Frank Maisano, a lobbyist for the electric utility and petroleum refinery industries, said Pelosi and the House Democrats also gave encouragement to their opponents by forcing the floor debate before the July 4th recess.

"The bludgeoning the climate bill took on the House side, to get the squeaky vote that it got, that was the first cut in the fighter that put a little blood in the water," said Maisano, a principal at Bracewell & Giuliani, a Washington, D.C., law firm.

For many House Democrats, one of the biggest concerns as they voted on the climate bill was whether the Senate would sidestep the issue altogether and leave them vulnerable on a measure that won't ever become law.

Boxer tried to give House Democrats cover before the vote by promising a markup in her committee before the August recess. But she has since backed away from that schedule and now won't be introducing legislation until early September.

One of her explanations for the delay: Too many senators in the middle of the climate debate are focused on health care.

'Why Obama's numbers are going down'

As for health care, committee votes on both ends of the Capitol started earlier this month. And like climate, the legislative process has seen its share of fits and starts. The uncertainty over the health debate has prompted sources on and off Capitol Hill to calculate how a loss could influence the climate bill.

Given the power of centrist Democrats on both issues, some say that rejection of health care could embolden them to push for changes on climate bill that drive the left overboard. Republicans with a taste of victory could also use the win as a springboard to topple other pieces of Obama's agenda.

"It makes it more difficult," Senate Majority Whip Dick Durbin (D-Ill.) said last week when asked about the prospects for global warming if faced with a defeat on health care. "But I think they are two separate issues. Maybe two different fates. I hope they both pass."

"I think it can float both ways," explained Chelsea Maxwell, a former aide to retired Sen. John Warner (R-Va.) who helped write last year's climate bill. Whoever wins, she said, would feel emboldened to push for a victory on the other issue.

Maisano said that a loss on health care -- or the resolution of the issue altogether -- would shift attention entirely back to climate change. "That'd be good for folks who want to push this and want to put momentum on people," he said. But it also could come with downsides.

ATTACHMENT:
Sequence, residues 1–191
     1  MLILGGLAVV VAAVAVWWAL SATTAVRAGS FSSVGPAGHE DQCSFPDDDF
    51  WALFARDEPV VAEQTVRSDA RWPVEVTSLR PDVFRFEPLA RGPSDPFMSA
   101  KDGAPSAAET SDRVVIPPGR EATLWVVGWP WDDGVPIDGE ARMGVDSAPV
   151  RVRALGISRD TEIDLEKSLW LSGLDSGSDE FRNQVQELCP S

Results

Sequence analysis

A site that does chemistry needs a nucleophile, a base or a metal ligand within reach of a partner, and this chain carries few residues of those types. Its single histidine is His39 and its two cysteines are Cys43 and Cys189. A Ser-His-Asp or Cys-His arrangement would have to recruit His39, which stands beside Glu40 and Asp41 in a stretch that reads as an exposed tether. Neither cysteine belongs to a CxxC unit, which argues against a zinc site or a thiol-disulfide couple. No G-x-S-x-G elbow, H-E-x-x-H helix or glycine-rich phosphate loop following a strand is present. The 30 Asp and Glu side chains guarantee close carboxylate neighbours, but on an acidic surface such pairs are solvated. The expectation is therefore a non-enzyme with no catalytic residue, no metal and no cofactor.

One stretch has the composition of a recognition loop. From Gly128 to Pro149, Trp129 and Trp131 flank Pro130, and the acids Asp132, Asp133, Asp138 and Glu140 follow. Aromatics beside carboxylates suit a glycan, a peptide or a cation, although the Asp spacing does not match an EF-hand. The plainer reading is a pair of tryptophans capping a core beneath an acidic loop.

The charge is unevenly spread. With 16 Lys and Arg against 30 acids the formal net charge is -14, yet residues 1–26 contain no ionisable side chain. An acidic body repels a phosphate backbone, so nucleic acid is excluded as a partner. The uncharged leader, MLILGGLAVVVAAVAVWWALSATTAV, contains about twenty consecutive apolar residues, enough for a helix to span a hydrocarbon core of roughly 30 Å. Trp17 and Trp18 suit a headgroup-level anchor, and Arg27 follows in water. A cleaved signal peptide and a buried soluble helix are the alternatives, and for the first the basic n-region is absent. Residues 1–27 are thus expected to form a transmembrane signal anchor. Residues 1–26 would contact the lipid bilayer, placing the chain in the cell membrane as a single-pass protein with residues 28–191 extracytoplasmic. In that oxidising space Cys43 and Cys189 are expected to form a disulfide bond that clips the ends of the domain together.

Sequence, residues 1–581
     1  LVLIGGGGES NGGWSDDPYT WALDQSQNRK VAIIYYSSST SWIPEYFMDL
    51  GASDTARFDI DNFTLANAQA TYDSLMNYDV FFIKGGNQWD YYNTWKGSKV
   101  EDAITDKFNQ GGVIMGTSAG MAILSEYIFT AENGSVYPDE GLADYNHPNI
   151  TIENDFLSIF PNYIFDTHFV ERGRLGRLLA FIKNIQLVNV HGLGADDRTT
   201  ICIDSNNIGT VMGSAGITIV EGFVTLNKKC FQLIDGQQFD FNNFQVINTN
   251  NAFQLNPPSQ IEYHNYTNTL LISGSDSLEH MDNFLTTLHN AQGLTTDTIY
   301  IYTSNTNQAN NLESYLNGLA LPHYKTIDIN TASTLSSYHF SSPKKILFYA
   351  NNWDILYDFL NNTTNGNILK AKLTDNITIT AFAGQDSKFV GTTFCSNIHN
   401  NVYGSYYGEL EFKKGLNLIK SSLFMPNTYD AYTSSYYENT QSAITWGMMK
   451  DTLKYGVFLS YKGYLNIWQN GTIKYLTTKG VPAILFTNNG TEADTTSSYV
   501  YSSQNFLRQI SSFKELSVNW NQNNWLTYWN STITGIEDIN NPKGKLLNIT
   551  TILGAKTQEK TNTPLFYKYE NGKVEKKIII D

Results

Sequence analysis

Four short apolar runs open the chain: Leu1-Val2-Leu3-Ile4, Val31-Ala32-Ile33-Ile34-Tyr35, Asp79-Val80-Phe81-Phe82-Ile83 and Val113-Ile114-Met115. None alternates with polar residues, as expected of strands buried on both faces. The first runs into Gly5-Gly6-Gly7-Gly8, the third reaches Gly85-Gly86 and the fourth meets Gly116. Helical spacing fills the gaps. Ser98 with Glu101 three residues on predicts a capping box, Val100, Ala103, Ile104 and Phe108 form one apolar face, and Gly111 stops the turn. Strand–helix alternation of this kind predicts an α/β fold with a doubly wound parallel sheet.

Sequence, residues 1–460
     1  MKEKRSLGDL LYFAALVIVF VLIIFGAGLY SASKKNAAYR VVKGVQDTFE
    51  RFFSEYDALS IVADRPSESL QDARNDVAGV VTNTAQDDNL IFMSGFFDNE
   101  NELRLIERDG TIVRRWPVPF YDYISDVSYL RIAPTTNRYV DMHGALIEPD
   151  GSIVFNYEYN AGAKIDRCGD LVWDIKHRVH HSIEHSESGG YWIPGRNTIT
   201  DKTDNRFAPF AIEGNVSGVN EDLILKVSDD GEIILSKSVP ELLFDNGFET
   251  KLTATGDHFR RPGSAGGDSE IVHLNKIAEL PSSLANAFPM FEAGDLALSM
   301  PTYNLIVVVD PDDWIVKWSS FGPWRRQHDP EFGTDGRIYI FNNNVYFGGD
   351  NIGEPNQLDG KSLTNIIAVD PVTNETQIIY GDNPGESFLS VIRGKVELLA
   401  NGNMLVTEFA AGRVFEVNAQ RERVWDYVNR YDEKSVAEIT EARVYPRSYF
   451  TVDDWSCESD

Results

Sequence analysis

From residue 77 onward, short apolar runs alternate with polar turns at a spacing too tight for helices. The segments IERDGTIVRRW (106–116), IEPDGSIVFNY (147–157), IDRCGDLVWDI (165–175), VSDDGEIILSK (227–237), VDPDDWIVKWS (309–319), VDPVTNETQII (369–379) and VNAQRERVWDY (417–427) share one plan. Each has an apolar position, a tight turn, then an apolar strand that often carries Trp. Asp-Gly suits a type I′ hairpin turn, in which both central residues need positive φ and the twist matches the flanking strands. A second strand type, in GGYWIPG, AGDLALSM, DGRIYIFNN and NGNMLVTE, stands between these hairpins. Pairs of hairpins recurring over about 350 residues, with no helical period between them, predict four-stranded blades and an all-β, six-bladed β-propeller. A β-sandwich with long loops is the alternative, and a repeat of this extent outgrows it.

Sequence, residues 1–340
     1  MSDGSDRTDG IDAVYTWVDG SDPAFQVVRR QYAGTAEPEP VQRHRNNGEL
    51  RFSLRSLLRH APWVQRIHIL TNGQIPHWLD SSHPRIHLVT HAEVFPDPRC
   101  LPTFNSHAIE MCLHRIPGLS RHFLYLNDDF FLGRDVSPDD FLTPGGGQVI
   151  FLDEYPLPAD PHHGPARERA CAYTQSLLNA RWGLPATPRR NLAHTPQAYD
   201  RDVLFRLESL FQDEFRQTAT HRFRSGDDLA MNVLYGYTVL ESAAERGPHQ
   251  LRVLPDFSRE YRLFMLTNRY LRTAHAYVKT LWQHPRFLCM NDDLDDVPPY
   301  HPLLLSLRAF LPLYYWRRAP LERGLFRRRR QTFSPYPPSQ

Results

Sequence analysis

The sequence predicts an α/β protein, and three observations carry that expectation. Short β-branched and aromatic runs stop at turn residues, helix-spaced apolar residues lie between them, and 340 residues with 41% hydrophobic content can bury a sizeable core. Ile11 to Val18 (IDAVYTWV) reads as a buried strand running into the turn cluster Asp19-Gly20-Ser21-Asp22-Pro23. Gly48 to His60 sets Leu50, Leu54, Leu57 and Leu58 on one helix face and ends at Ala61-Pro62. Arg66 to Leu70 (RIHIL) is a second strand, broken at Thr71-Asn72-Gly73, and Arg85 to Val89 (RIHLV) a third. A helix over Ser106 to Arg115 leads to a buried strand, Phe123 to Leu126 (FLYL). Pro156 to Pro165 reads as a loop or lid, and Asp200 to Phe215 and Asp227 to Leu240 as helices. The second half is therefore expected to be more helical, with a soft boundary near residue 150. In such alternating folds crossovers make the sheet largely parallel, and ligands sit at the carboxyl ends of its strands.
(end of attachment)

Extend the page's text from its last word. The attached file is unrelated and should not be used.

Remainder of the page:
"If you shined a bright spotlight on this issue, there's some things people wouldn't like to see," Maisano said.

On the hunt for political points, Republicans have taken to lumping all of Obama's agenda together, from health care to global warming to the $787 billion stimulus package the president signed in February.

"That's why Obama's numbers are going down," said Sen. George Voinovich (R-Ohio). "Because the people are saying, 'We're in the soup and this guy is talking about health care reform that's going to increase the cost of health care in this country.' Everyone knows that it will. He wants to go ahead and get involved in a cap-and-trade program that's going to increase everyone's utility rates. They know they're going to go up and they're saying, 'Are those guys in Washington crazy? Don't they understand this?'"

Sen. Bob Corker (R-Tenn.) said Democrats are "without adult supervision" when it comes to health care, and he sees similarities to the climate debate. "I think cap and trade is not much further along as far as being thoughtful than health care is," he said. "I think they're both certainly in jeopardy, and certainly both deserve a whole lot more thought than what we've seen so far."

Murkowski said she is not so sure how Democrats and Obama can keep up the pace come the fall, when both bills are likely to still be moving through the congressional meat grinder.

"I think they know they've got to let everyone have a breather," she said. "You've got two very, very significant issues back to back, and I think there has to be a consideration on how you advance that from the political perspective."

Yet even some of the very moderate Democrats who Obama still needs to court -- on health care and climate change -- say that all is not lost for the president's agenda.

"Each is a standalone bill," said Sen. Ben Nelson (D-Neb.). "But they're both competing for the same time frame. So, one has to obviously watch that. But if there's a will for legislation here, there always seems to be a way."